This is a fridge in a roughly million-dollar listing I viewed– not much of a selling point, is it? The pitting could have been fixed in a matter of minutes with a bit of elbow grease. Instead, this fridge was left to devalue the listing.

Keep in Mind: The Functional Fridge is Not Artful…

But, ironically, buyers want a seller’s fridge to be artful rather than functional. 

Think about your own fridge for a minute. If your fridge looks anything like mine, it is crammed to the gills with all your favorite dressings, sauces, spices, veggies, and beverages. My fridge serves me well on a day-to-day basis, and is pretty from the outside, but inside my fridge it sure doesn’t look like something out of a magazine, where every bottle is full, and items are arranged artfully in a way that uses approximately 20% of the fridge volume. Unless you never cook, magazines and other forms of media set an unreachable standard (which buyers often are influenced by). If this all seems a tad overwhelming, or if you just want to hear a bit more about this, feel free to shoot me a call at 808-811-8811 or send me an email at, and I will be glad to chat and assist.

A Few Major Things Buyers Notice About Fridges that Can Lead to Negative Feelings About a Property

1) Spills or Stains

These are the physical evidence of a mess. Smallish dried dots are something most everyone has in their fridge if they aren’t super careful. But for a buyer, a very silly-seeming and very minor negligence can suddenly become an important (and likely false) window into the seller’s life. A stain in a commonly-used area can cause a buyer to question whether the seller had other problems in the house that were not fixed.  

2) Disorganization

Organization is in the eye of the beholder. Clean to one person may be messy to another. If items are crammed into the fridge in a way that isn’t neat and tidy, a buyer may start to wonder if you hid other things in the closets, bathroom cabinets, and other unseeable areas.

3) Wrong Size Fridge

Most folks do not realize it, but there are multiple sizes of fridges. They come in various widths (which should be noticeable to an average consumer in a store), but they also come in different “depths.” The depth of the fridge defines how far the fridge will stick out into the room. The wrong size fridge can make a decent-sized kitchen seem very small since the fridge will stick out past the countertops and into the room. If your home has too big of a fridge, you may need to invest in a “counter-depth” fridge. They are available at many home improvement and appliance stores and are usually marked to show you they are a bit smaller. They range in price, but usually cost roughly the same as a standard-sized fridge.

This is a picture of a rather fancy “counter-depth” fridge:

white counter depth fridge at home depot

This is a counter-depth fridge at the Home Depot. Please note the conspicuous marking on the front showing its size.

4) Un-leveled Fridges and Fridge Doors

A fridge can be easily leveled by turning the self-leveling feet at the bottom, preventing a fridge from rocking, and leveling the fridge may also lead to the fridge sitting straight. Best-practice for leveling a fridge is to use a bubble level–it is a rather quick but also rather tedious process with a high potential return. Fridges also often have leveling screws on their door hinges to ensure that, for double-door fridges, the two doors line up in the middle. These problems are further magnified (and can really affect prices) when you have a high-end extra-wide double fridge in a kitchen. When the doors do not line up, it can sour a buyer’s perception of a house. A buyer will ask– if this house is so expensive and so high-end, why didn’t they care about the details? That can lead to a much lower offer, or maybe no offer at all.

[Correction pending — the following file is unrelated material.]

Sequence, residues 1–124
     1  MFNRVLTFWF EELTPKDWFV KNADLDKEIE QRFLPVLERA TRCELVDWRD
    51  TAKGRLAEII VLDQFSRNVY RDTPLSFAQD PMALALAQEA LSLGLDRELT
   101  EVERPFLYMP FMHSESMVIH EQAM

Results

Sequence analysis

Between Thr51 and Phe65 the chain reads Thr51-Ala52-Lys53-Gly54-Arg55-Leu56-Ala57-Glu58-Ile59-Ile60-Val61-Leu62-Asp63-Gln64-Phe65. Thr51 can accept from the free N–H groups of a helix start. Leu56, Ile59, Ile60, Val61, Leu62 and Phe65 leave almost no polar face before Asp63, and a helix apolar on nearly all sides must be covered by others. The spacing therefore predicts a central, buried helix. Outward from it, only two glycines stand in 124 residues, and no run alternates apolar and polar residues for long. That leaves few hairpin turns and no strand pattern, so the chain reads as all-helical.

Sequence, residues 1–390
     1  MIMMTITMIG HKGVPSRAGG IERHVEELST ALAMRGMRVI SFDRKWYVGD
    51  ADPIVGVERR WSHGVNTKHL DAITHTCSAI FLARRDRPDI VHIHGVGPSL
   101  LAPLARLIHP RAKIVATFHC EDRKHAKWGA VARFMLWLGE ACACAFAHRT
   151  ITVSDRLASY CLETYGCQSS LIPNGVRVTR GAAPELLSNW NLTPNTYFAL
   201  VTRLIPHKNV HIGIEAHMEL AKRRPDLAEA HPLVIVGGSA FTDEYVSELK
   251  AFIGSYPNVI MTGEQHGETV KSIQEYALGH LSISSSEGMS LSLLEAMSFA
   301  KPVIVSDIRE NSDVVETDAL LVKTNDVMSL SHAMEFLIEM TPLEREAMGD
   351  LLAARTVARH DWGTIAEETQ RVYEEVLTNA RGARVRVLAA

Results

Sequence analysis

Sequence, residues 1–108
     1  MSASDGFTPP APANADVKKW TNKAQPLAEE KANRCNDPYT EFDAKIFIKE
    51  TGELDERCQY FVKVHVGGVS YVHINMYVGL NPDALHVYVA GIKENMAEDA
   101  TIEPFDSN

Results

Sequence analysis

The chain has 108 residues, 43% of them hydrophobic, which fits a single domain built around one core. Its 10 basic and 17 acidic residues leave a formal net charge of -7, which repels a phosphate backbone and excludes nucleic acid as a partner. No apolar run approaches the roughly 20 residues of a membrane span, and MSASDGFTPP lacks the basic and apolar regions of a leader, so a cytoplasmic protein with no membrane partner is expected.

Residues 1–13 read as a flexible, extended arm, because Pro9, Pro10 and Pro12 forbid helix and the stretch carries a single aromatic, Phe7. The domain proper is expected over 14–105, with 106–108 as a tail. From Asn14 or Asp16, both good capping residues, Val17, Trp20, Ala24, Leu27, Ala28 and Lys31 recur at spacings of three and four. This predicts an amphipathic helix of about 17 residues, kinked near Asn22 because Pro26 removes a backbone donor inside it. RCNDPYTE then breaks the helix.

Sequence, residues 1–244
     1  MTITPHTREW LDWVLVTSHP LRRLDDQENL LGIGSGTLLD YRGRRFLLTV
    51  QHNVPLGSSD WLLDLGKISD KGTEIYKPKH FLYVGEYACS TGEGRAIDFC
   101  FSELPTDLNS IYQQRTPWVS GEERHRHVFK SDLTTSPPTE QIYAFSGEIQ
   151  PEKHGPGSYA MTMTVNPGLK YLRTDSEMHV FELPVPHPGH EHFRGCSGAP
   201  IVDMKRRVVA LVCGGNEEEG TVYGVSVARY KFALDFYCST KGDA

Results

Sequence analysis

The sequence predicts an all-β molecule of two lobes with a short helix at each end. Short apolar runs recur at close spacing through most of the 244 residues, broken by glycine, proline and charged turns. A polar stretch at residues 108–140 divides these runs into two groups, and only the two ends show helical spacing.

This is a close-up picture of a very high-end fridge that was not leveled:

high end fridge that was not properly leveled

This is a very expensive fridge with large double doors that I saw at a listing I viewed. The fridge was the centerpiece of the kitchen. But it was not properly leveled. While this type of small flaw might not be noticed on a daily basis, buyers of high-end houses notice things like this. My potential buyer commented on “the poor condition” of the kitchen after seeing the leveling mistake.

So, How Do We Change a Buyer’s Perception of a Fridge?

In a perfect world, all Sellers would refrain from using their fridges (except for perhaps a small bowl of tropical fruit) for the entire time their home was listed for sale. But definitely leave the fridge turned on! Buyers also check for that, even if it makes no sense to check! No information is sometimes better, because it leaves no data points a buyer can judge from, either positive or negative. But for anyone who lives at their home while it is being sold, that just isn’t reasonable. 

The key is making sure that buyers remain focused on what is good about your house, and the fridge is a very important step in this process. The goal is to minimize the areas that will raise red flags for buyers. Usually, this is a collaborative process between me and my clients.

Steps to Prep the Fridge and the House

1) Seller Does Some Self-Preparation Through Youtube (or Your Favorite Video Streaming Service)